Ionogels, formed by confinement of ionic conductive ionic liquids (ILs) within ionic conductive solid scaffolds (such as polymers or ceramics), show a unique combination of favorable properties which makes them stand out among all choices of solid electrolytes (SEs). Despite recent advances in enhancing the ionic conductivity of ionogel SEs, their electrochemical performance, including achievable C-rate and cycling stability, remains notably inferior to those of liquid electrolyte-based batteries, owning primarily to the obscure Li-ion transport mechanisms in the bulk, at intrinsic interphases, and at extrinsic interfaces with electrode. Furthermore, the unfavorable Li-ion molecular environment leads to lower mobility and higher ion-dissociation barriers, which contributes to the discontinuous ion-transport pathways within ionogel SEs and substantial resistance at the extrinsic electrode | electrolyte interface. In this study, we tuned the ionic conductivity and the ion-transport pathways of the polymer-encapsulated ionogels by changing the structure and mesh size of the polymeric network. Specifically, freestanding, soft ionogel SEs were prepared by UV-initiated photopolymerization based on thiol-ene reaction between thiol acrylate monomers and poly(ethylene glycol) diacrylate (PEGDA, average Mn=700 g/mol or 6000 g/mol) and poly(ethylene glycol) methyl ether methacrylate (PEGMA), in the presence of ionic liquid l-ethyl-3-methylimidazolium bis(trifluoromethyl sulfonyl)imide(EMIMTFSI) and lithium bis(trifluoromethane sulfonyl)imide(LiTFSI) salt. By varying the molar ratio of monomers during the thiol-ene reaction, three groups of samples with different mesh sizes (i.e. “low”, “medium”, and “high”) and different crosslinking structures were obtained. When the mesh size increases from “low” to “high”, the conductivity increases by nearly one order magnitude, reaching up to 2.07 x 10-3 S cm-1. In addition, when changing the IL loading amount from 25% to 75% at fixed mesh size and structure, the ionic conductivity increases significantly (9.45x10-6 S cm-1 to .07 x 10-3 S cm-1), indicating the dominant ion-transport medium in this binary ionogel is the IL phase. As a result of the synergistic effect of high bulk transport within IL phase and favorable intrinsic IL|Polymer interphase, the ionic conductivity of the ionogel SE reaches comparable with that of liquid electrolyte. Furthermore, the unreacted thiol groups in the terminal resulted in a reactive and sticky surface, which could improve the extrinsic interfacial contact between the ionogel SE and electrode materials.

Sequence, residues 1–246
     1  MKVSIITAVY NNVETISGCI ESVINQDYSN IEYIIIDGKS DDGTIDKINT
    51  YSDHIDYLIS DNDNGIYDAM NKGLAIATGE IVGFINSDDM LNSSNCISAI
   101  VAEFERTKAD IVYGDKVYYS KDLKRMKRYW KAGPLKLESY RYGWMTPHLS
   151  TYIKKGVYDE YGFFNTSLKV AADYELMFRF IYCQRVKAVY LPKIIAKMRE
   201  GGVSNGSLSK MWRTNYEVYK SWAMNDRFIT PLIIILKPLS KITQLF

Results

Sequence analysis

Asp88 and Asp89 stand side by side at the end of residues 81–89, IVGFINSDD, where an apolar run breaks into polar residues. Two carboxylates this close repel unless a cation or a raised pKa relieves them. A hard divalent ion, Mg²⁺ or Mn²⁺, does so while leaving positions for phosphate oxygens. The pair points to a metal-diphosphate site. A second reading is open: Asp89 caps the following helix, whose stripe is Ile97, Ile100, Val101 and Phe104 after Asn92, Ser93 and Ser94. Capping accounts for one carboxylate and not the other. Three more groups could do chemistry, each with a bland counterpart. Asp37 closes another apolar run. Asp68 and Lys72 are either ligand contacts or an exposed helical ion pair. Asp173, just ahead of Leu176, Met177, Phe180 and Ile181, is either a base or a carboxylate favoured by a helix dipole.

We appreciate the funding support from URCA and FYSP programs of Kennesaw State University

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